Skip to comments.Child Slayings Spread Terror in Pakistan
Posted on 04/30/2004 1:29:26 AM PDT by me_newswire
When the 5-year-old boy ran home bleeding and weeping, his family first thought he had injured himself in a fall.
At the doctor, they discovered Zainul Abideen had been stabbed, with wounds to the chest and abdomen requiring 20 stitches. Now they believe the boy was attacked by a serial killer targeting young children in this small town, where three children have been knifed to death in the past three weeks.
Police say the slayings could be part of a black magic rite and have arrested about 20 suspects. One confessed to the first three assaults, including stabbing Zainul. Then, another child was murdered while that suspect was in custody, leading police to believe the man has accomplices at large or gave a false confession.
Such acts of random violence are rare in Pakistan, a deeply religious society where most killings are the result of family or land feuds. Failure to stop the slayings has triggered protests against police, and one resident was killed by police gunfire during the unrest.
Compounding the horror, the latest two killings happened on consecutive Fridays, the holiest day of the week in this overwhelmingly Islamic country.
Amid the climate of fear, life in Muridke, a town of 50,000 people about 20 miles outside the eastern city of Lahore, is near paralyzed. School attendance is down and the streets of simple mud-brick houses and shops are empty of children.
Zainul Abideen is still apparently terrified from the attack. The boy played contentedly recently in his family's yard but recoiled in fear when beckoned outside.
"No, no," he muttered, reaching for his mother.
Asked who stabbed him, the child pointed to the dusty street and said only: "He was a boy. He was a boy."
Zainul was assaulted April 12, apparently the attacker's first attempt to kill. The next day, 7-year-old Tehmina Riaz was stabbed on her way to school. She was found just two streets away from where Zainul said he was attacked, wounds all over her body from a sharp implement.
She died the next day. While in the hospital, the girl said her attacker was a young man wearing a traditional white tunic, according to her father, Muhammad Riaz, a 28-year-old laborer.
He said his daughter also described the attacker as leaving her with a terrifying message: "If people ask you about me, tell them that I am a devil. Tell them that it (the killings) is the job of devils."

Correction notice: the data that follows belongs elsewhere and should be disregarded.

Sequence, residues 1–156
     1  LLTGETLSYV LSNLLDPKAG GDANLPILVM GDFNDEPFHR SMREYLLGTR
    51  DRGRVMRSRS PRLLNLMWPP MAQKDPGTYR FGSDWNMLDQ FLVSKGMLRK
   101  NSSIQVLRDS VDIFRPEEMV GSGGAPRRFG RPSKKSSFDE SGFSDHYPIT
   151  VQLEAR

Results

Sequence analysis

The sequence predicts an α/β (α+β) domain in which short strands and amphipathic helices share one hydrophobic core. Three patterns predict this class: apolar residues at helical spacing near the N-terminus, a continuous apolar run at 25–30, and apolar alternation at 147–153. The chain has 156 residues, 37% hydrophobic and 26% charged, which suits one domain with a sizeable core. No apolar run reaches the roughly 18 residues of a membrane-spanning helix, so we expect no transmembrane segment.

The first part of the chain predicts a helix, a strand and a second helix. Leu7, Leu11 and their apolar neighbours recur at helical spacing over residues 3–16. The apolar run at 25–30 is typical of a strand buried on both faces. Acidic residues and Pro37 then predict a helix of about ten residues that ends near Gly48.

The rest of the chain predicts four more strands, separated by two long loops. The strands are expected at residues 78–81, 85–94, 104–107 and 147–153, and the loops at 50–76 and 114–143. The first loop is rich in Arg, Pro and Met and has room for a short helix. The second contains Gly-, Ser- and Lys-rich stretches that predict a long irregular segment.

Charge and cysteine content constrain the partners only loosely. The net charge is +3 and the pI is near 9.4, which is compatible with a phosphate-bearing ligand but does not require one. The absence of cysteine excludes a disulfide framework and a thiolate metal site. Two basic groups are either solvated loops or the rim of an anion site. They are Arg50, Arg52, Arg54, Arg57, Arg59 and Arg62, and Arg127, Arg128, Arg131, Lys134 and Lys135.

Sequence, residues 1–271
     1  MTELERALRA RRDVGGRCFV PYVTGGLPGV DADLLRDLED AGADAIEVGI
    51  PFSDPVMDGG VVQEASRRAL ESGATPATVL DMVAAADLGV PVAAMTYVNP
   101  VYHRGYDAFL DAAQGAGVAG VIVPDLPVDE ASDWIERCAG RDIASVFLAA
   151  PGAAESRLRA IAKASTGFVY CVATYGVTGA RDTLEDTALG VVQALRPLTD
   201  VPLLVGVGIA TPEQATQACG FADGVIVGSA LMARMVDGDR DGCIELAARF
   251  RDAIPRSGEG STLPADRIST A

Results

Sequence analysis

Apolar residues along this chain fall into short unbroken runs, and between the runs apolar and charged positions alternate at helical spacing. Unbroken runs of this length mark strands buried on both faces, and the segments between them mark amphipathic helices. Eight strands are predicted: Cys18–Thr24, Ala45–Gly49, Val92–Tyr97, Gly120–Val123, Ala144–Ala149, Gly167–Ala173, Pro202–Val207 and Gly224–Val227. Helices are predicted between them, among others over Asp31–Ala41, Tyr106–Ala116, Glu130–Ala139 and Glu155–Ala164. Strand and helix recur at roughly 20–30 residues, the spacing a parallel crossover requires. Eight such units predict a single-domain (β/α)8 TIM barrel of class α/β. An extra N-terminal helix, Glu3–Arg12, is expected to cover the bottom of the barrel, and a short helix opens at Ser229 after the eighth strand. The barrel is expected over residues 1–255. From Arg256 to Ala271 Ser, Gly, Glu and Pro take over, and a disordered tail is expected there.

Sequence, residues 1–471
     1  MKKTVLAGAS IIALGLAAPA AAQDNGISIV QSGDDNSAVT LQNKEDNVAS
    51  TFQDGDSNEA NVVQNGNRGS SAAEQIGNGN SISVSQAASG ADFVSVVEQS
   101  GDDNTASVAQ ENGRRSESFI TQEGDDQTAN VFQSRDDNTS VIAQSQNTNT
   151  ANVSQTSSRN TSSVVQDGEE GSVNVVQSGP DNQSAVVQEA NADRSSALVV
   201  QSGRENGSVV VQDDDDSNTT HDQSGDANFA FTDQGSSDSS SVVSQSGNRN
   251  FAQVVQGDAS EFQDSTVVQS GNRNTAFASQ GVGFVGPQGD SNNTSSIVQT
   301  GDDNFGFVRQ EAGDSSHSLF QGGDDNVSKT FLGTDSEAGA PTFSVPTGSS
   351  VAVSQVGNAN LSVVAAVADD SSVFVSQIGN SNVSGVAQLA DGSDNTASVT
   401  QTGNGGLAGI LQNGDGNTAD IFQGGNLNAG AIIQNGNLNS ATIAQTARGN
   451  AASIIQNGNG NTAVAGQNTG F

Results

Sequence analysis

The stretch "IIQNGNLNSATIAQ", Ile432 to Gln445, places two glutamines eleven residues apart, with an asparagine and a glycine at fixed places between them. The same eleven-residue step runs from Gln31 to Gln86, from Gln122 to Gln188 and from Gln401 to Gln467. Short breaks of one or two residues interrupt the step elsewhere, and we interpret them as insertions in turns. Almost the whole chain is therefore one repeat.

The next killing was on April 16: 8-year-old Ramzan Ali was found dead in a deserted house under construction, also with multiple stab wounds.
"It was the biggest cruelty I ever saw. My life is shattered," said his father, Muhammad Arif, 48, a barber.
Anger boiled over in the town with the second killing.
Claiming police had freed three suspects, protesters blocked a main road for hours, and beat up and held hostage several police officers. Police opened fire and killed one protester.
Chief investigator Tariq Qureshi told The Associated Press that "some two dozen" people are in custody - some for the protests but most in connection with the child killings. He also said police were focusing on three main suspects, including the one who confessed. He said he had taught black magic to the other two.
Hafiz Muhammad Arshad, 26, confessed to "losing his senses" and being driven by "evil forces" to commit the murders. The chief investigator said bones of pigs and cows and other material associated with black magic were found in Arshad's house, which is in the neighborhood of the killings.
But on April 23, a killer struck again while townspeople were at Friday prayers. Six-year-old Tehseen Amjad was slain in a similar fashion to the other children, his body found about a quarter-mile from the previous attacks.
The case has resurrected memories of Javed Iqbal, who confessed to sexually abusing and killing more than 100 children in Lahore and disposing of their dismembered bodies in acid baths at his home. He was condemned to death but committed suicide in his jail cell in October 2001.
Extra police on the streets of Muridke have done little to reassure the town.
"Our parents have warned us not to spend our time in streets and remain indoors," said 10-year old Hasan Raza. "We know that a knifeman is roaming in the area. A devil is out there."